Understanding ankle sprains

A ‘sprain’ is the stretching or tearing of ligaments, commonly on the outside of the ankle.

Ligaments on the outside of the ankle are usually injured when the ankle is forced inwards.

Injury severity depends on the number of ligaments affected and the extent of the tear(s).

Ankle sprains are often minor and able to be managed with the RICER. principle (rest, ice, compress, elevate, rehab/referral).

Rehabilitation improves ankle mobility and strength to prevent future ankle sprains.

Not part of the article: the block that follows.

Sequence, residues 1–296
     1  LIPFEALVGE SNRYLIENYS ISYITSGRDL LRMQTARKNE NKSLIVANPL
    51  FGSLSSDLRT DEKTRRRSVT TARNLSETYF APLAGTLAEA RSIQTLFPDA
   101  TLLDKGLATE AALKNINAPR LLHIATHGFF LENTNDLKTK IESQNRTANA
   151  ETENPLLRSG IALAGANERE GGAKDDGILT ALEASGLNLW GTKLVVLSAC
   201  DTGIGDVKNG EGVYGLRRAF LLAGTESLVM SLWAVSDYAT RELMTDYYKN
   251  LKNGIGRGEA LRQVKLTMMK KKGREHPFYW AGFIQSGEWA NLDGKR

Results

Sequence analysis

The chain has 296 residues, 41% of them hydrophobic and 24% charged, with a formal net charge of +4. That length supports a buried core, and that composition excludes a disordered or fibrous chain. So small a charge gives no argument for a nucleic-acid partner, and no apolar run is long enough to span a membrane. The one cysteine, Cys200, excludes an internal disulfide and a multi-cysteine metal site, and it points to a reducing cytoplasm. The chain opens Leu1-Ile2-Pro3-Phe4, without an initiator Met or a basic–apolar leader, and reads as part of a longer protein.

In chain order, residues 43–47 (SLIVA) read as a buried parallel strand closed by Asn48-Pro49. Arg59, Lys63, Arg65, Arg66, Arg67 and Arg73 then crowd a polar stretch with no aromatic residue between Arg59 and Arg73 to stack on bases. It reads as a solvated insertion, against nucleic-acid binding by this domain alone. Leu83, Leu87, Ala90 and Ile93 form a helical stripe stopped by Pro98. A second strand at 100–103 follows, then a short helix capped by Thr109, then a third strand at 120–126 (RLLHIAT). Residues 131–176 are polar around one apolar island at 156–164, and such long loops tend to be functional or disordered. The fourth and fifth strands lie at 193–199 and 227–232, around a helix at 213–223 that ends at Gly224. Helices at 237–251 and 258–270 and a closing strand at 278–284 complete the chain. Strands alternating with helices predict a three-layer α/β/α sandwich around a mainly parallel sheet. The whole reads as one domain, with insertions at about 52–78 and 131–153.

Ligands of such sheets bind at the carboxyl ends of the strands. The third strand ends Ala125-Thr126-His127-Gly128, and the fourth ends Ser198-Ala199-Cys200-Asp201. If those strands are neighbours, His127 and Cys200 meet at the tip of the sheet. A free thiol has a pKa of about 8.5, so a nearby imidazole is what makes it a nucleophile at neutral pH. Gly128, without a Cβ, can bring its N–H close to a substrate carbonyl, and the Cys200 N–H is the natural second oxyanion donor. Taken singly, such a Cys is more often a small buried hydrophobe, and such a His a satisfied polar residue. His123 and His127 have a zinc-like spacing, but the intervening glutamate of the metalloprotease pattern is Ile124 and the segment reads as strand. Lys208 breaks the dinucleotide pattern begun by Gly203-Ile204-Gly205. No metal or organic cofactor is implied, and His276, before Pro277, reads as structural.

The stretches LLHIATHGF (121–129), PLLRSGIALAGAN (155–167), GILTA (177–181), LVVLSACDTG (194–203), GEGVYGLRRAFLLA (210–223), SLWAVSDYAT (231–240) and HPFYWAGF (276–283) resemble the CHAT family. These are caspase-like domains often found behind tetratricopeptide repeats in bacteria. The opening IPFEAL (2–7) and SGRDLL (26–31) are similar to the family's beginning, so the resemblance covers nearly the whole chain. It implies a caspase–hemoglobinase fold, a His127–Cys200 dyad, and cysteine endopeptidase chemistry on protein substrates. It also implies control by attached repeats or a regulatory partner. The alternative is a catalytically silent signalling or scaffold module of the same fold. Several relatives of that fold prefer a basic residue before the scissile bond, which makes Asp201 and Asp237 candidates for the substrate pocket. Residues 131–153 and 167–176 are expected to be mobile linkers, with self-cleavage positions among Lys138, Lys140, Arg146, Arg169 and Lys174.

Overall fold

The most effective rehabilitation begins after 3-4 days with the help of a physiotherapist.

Sometimes, an ankle sprain damages the underlying bone(s).

A physiotherapist will advise whether bony damage is suspected and whether an x-ray is required.

Most ankle sprains recover within two or three weeks.

Complex or severe ankle sprains may need to be immobilised using a controlled ankle movement (CAM) boot, also known as a ‘moon boot’.

Immobilisation protects the injured ligaments and allows them to knit together, although a boot is not always required.

Rehabilitation includes